IBM provided updates to its new initiatives at its business analytics conference on September 16th. The company focused primarily on its progress in such projects as OpenPOWER, IBM Analytics, and spent time explaining the paradigm shift from data storage to real-time actionable analytics.
There is a myriad of software firms who are vying for market share in analytics services. Microsoft built its platform around Azure, with software tools run on SQL Server, Excel, and SharePoint. IBM thinks the demand from industries is in the midst of moving from data storage and ad hoc reporting to real-time analysis. It cited Pratt and Whitney, a manufacturing company for the aerospace industry, as one of its customers. The firm needed IBM’s expertise in analyzing a terabyte worth of data containing 4,500 data fields. Using the 2 years’ worth of data, IBM provided predictive insights. This included predicting (with 97.4 percent accuracy) what was going to go wrong, and when it would go wrong.
IBM noted it added new systems in its Watson platform. This move broadened Watson’s relevance in more industries, including health care. For oncology (cancer), where evidence-based hypothesis testing is common, Watson was an important tool for providing insight.
IoT is also complementary to the goals of data analytics. IoT simply provides real-time data for the physical world, connected to the network at near instantaneous speeds. The data collected from IoT devices is stored in aggregate. Businesses mine the value from such data by using analytical tools. In the past, businesses simply summarized the data and looked for patterns when charting results. Today, tools made by companies like IBM do much more. This includes changing the way businesses interact with the data.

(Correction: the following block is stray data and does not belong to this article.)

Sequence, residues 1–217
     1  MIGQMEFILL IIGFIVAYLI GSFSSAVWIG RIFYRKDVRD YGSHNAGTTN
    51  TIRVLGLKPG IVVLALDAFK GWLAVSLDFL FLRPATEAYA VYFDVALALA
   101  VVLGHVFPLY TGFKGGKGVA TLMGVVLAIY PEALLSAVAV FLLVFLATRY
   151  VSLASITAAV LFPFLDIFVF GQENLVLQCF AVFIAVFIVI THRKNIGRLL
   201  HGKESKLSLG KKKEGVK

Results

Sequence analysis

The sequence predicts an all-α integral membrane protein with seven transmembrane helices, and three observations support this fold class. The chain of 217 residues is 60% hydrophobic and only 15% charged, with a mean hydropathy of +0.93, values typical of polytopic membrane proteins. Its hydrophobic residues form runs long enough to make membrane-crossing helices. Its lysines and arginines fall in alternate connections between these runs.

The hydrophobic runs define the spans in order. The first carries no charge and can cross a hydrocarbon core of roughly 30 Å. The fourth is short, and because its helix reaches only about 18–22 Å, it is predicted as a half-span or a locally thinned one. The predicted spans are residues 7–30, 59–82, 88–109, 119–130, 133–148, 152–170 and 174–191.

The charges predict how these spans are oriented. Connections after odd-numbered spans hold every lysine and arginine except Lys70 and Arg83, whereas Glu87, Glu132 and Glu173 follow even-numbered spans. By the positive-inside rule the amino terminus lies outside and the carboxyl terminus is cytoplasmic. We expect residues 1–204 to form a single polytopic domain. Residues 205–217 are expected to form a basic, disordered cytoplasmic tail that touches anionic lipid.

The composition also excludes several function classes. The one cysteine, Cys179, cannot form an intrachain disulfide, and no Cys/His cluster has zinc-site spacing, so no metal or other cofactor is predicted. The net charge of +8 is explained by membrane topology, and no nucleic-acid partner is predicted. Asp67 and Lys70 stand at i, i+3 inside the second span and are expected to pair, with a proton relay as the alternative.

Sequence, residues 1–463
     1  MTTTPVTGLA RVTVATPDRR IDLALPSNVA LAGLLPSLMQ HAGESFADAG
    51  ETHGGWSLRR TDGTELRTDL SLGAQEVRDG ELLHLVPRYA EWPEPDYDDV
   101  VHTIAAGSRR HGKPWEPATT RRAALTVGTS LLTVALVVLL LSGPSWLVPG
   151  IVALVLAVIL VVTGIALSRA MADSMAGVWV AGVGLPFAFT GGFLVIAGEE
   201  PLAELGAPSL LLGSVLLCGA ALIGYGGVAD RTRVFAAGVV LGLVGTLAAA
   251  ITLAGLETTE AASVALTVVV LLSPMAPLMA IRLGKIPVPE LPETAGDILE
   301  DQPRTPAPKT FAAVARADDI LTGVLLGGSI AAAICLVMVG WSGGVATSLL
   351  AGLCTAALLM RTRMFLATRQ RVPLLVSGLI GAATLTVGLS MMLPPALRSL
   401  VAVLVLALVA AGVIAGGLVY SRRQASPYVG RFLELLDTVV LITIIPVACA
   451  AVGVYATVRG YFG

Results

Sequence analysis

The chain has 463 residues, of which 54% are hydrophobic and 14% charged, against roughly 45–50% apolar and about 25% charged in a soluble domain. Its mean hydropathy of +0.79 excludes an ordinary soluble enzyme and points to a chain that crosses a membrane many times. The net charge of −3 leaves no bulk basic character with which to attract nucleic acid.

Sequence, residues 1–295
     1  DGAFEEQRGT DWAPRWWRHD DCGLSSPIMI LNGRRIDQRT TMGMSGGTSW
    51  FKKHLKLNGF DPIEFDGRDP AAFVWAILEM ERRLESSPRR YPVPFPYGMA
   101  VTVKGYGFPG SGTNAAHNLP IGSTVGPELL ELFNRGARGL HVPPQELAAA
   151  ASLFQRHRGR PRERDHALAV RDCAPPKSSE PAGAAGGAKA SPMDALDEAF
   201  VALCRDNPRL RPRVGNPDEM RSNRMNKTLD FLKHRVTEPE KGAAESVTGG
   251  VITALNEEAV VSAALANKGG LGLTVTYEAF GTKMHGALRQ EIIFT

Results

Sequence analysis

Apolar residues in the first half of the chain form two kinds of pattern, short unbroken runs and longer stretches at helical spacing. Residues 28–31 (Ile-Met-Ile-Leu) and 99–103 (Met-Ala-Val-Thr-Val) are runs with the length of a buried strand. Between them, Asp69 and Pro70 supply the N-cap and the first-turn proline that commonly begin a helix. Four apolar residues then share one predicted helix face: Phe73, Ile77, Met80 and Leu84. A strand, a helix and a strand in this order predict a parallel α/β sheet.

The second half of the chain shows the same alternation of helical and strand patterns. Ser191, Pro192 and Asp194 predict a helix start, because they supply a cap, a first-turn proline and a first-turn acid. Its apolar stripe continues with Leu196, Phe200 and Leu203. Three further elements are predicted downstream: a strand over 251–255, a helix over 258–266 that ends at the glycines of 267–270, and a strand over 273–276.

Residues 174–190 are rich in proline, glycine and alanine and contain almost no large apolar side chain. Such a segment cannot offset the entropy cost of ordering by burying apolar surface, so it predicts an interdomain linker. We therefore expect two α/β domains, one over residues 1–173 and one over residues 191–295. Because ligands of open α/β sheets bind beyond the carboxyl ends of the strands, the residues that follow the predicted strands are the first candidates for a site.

When unstructured is included in the data set, IBM must develop tools that analyzes cognitive data. By doing so, it forces business to ask more questions about the data. This facilitates making predictive, prescriptive-based analytics when users prepare reports.
Data from Social networking
IBM thinks it will have data analytics tools that would identify insight from social networks. Businesses should express some skepticism on this. Tweets from Twitter, likes from Facebook, and views from Instagram provide limited signals, when the context around their popularity is unknown. For example, the background of those posting is not known, nor are those giving the “likes” on a post.
In short, the value of unstructured data is only as good as the reliability and reputation (reliability) of those providing the information.
IBM embraces open data platform
IBM is a strong supporter for disruptive technologies like Apache Spark and Hadoop, an open data platform. As it gains more users for these platforms, the company is position itself to win SaaS business.
IBM makes progress
IBM’s transformation will find success so long as the company embraces IoT, open data, and data analytics. By doing so, it will give solutions that provide cognitive insights for its customers.